Imagery also serves to connect readers to the characters. By allowing readers to have the same or similar sensory experiences as the characters, it makes it easier for readers to directly sympathize with and imagine being with the characters.

Imagery Examples in Literature

Imagery is heavily used in poetry and prose alike. Here are some popular examples:

“To Autumn” by John Keats uses auditory and visual imagery in order to create an artistic representation of the season of Fall. Without skillful use of imagery, readers would not connect to why the poem is important. In this case, imagery helps to create feelings of familiarity and appreciation of nature.

Where are the songs of spring? Ay, Where are they?

Think not of them, thou hast thy music too,—

While barred clouds bloom the soft-dying day,

And touch the stubble-plains with rosy hue;

Then in a wailful choir the small gnats mourn

Among the river sallows, borne aloft

Or sinking as the light wind lives or dies;

And full-grown lambs loud bleat from hilly bourn;

Hedge-crickets sing; and now with treble soft

The red-breast whistles from a garden-croft;

And gathering swallows twitter in the skies.

Atonement by Ian McEwan is a novel about war and romance in which imagery is skillfully used to evoke emotions of nostalgia and longing by playing on physical senses:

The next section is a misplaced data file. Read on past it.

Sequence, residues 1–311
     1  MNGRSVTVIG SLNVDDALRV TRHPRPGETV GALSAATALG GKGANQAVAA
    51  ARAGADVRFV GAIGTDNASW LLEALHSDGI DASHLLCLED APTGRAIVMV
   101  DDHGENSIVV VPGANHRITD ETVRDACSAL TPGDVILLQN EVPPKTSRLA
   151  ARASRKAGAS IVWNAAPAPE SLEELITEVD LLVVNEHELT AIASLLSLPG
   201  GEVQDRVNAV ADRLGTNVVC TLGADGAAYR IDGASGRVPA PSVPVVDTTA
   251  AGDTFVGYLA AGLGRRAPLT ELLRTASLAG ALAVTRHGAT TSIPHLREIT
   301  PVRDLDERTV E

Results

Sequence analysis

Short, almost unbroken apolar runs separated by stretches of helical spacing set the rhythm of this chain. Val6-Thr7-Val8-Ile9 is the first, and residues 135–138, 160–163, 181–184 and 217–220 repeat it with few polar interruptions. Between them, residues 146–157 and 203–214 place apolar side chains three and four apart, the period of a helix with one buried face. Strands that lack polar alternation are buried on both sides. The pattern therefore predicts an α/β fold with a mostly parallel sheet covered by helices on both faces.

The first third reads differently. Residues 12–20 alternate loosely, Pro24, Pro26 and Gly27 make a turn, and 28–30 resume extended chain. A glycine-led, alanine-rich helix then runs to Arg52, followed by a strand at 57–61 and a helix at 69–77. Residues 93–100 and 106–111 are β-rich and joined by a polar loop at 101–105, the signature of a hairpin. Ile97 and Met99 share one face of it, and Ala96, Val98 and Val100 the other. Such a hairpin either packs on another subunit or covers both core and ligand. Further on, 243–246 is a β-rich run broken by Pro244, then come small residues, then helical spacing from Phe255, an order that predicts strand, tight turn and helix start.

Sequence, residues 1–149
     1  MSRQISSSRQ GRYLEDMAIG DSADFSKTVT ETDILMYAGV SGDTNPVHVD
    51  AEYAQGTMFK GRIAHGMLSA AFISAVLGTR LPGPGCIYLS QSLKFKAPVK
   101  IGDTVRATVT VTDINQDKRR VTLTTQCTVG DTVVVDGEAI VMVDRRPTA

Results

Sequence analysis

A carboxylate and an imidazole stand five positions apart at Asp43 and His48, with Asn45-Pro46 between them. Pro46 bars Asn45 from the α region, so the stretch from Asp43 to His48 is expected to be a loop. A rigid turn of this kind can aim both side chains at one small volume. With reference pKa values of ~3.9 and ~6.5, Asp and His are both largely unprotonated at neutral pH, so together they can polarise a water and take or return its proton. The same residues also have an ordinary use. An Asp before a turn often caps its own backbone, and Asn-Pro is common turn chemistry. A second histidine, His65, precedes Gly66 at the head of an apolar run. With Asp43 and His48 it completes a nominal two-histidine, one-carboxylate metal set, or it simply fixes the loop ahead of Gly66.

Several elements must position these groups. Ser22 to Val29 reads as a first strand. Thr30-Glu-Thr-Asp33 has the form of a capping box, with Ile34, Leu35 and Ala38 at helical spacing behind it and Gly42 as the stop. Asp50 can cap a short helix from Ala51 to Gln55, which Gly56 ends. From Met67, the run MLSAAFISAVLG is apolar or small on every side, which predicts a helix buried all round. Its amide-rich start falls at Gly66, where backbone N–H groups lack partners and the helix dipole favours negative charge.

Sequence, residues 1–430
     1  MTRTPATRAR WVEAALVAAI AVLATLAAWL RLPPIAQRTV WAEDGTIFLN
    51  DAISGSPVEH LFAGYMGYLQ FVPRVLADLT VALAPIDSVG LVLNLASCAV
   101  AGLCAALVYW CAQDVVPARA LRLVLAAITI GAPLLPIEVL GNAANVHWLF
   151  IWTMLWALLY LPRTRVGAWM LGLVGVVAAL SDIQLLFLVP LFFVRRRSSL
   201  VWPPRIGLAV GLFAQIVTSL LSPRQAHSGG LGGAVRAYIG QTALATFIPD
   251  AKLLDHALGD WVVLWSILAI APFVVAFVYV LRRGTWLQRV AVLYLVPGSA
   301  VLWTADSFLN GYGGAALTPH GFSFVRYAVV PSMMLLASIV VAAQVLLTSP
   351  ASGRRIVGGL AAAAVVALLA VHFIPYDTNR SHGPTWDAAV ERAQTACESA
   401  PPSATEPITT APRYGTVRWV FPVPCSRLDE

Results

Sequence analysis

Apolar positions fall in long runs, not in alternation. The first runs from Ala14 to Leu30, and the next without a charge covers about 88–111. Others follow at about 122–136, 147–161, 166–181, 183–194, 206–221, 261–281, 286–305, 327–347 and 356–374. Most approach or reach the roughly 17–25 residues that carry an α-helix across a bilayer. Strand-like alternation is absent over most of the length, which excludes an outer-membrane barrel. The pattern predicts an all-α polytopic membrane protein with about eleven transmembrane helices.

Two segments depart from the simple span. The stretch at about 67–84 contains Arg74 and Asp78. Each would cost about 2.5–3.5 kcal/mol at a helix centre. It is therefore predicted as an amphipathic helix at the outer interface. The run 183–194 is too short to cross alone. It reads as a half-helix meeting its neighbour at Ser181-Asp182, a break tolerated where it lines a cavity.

She raised one hand and flexed its fingers and wondered, as she had sometimes before, how this thing, this machine for gripping, this fleshy spider on the end of her arm, came to be hers, entirely at her command. Or did it have some little life of its own? She bent her finger and straightened it. The mystery was in the instant before it moved, the dividing moment between not moving and moving, when her intention took effect. It was like a wave breaking. If she could only find herself at the crest, she thought, she might find the secret of herself, that part of her that was really in charge.”

Recap: What is Imagery in Literature?

Imagery is used to evoke the senses of sight, taste, smell, touch, and sound. Imagery is important because it adds an element of artistry to writing and allows the audience to connect more fully with characters by helping readers feel as if they are really there. Imagery uses metaphorical and figurative language in order to paint a scene in the mind’s eye of the readers.